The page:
Brother and sister. Alone, abandoned deep in the woods by their impoverished father and nasty stepmother in a time of famine. They wander in the forest until they enter a clearing, finding a cottage made of gingerbread, candy and cakes, with windows made of pure sugar . . . and a witch who likes to eat fat little children. That's bad enough, but then they all end up on a Jerry Springer-style TV show.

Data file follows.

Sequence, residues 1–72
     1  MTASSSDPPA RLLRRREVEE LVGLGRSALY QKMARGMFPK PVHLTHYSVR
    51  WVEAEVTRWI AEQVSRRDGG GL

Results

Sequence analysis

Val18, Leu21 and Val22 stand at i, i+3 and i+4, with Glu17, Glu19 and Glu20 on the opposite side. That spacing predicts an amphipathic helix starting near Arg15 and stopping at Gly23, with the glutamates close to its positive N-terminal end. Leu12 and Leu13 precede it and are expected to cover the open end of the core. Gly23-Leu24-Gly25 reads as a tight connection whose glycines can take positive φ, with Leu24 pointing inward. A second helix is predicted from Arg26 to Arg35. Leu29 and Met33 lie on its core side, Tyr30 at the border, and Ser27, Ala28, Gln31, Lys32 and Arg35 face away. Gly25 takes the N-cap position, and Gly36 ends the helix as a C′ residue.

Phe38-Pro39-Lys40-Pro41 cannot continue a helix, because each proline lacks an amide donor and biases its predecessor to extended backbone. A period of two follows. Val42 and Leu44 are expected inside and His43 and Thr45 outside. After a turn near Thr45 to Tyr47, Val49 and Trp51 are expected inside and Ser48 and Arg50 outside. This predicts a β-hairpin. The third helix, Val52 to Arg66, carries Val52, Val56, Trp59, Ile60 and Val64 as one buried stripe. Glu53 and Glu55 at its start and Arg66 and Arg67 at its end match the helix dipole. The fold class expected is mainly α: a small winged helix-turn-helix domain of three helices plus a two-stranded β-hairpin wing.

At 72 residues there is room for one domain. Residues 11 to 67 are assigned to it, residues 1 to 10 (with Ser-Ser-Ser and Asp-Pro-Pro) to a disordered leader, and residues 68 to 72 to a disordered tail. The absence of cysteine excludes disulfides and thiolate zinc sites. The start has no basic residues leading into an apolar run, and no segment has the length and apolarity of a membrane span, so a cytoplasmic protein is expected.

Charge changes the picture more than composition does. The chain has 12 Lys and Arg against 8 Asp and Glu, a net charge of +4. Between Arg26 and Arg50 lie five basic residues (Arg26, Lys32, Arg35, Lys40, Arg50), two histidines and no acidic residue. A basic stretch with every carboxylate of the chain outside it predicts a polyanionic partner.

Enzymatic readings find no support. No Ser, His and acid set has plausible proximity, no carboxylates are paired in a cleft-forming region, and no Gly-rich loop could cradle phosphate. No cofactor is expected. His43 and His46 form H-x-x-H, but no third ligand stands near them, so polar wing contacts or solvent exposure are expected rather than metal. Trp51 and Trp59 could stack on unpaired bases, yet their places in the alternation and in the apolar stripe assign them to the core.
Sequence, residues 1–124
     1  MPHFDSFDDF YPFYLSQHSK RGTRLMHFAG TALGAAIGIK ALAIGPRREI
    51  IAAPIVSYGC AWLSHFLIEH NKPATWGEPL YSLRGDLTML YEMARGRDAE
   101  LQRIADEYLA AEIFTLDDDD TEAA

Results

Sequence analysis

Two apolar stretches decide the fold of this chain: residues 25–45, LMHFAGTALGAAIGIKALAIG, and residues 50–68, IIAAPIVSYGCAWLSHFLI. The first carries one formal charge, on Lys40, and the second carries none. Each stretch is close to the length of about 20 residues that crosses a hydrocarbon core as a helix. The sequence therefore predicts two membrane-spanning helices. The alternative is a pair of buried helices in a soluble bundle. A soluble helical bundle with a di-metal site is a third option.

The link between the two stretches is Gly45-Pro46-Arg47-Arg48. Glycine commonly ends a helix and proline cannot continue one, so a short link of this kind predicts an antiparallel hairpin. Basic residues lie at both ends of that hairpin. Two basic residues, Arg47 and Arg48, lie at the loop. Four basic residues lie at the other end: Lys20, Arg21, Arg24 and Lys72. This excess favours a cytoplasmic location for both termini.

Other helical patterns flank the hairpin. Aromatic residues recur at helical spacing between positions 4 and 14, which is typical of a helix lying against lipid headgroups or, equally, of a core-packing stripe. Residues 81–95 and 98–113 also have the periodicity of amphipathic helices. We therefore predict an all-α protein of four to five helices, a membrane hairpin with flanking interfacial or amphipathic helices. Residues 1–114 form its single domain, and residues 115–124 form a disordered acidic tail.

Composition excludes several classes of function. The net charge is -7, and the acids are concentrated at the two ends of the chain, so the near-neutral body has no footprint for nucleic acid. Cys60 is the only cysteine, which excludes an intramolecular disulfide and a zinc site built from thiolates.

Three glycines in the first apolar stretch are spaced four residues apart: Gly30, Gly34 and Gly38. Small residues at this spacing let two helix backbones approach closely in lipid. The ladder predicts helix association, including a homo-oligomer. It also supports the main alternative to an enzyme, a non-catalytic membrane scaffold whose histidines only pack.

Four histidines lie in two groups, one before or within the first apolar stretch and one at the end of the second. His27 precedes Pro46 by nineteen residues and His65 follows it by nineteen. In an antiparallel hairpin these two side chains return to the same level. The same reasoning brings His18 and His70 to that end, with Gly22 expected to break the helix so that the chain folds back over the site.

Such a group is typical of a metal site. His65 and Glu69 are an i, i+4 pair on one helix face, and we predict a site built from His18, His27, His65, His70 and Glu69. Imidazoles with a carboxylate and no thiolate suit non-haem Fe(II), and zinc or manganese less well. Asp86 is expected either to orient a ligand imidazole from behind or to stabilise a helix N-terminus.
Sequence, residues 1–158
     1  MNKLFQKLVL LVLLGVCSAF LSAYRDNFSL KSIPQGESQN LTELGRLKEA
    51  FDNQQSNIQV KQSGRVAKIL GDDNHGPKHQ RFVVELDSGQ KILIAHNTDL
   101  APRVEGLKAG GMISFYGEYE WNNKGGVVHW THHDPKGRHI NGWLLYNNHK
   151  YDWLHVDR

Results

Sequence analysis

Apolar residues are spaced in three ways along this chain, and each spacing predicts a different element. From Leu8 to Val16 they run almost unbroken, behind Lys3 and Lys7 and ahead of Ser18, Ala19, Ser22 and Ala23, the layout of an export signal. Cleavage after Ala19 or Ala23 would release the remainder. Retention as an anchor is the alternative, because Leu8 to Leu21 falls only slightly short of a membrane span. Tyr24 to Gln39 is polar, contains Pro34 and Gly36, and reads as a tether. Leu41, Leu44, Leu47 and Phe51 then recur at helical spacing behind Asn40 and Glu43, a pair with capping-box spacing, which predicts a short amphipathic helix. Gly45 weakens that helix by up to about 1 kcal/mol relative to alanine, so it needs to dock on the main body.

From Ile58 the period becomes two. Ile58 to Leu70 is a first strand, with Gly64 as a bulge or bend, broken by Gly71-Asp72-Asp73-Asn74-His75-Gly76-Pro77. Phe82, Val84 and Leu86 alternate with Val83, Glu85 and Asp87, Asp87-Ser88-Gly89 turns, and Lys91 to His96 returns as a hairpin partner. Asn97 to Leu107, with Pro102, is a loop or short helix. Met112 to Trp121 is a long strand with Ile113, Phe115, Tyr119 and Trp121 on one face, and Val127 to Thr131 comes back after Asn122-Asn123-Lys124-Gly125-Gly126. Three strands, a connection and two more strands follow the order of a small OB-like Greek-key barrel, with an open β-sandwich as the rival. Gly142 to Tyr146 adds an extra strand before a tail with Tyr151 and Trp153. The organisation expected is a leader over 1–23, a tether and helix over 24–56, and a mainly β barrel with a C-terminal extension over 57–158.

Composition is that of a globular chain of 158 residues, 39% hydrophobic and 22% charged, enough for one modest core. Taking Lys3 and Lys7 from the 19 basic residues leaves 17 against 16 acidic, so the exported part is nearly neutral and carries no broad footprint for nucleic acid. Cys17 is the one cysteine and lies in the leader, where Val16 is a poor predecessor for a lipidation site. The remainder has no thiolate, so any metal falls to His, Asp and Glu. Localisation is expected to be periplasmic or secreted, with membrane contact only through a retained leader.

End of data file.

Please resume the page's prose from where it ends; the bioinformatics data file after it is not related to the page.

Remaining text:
The St. Louis Fringe's Five Fifths consisted of five tales by the Brothers Grimm liberally reinterpreted in modern terms. (Interesting how at the beginning of the 19th Century it's the Brothers Grimm but by the end it's the Wright Brothers.) Here, the Hansel and Gretel stumble into a television program in which the host and studio audience challenge the sad kids, accusing them of discrimination and violence against a lonely woman with an eating disorder.
Things keep going on in this vein. The brothers are pleased.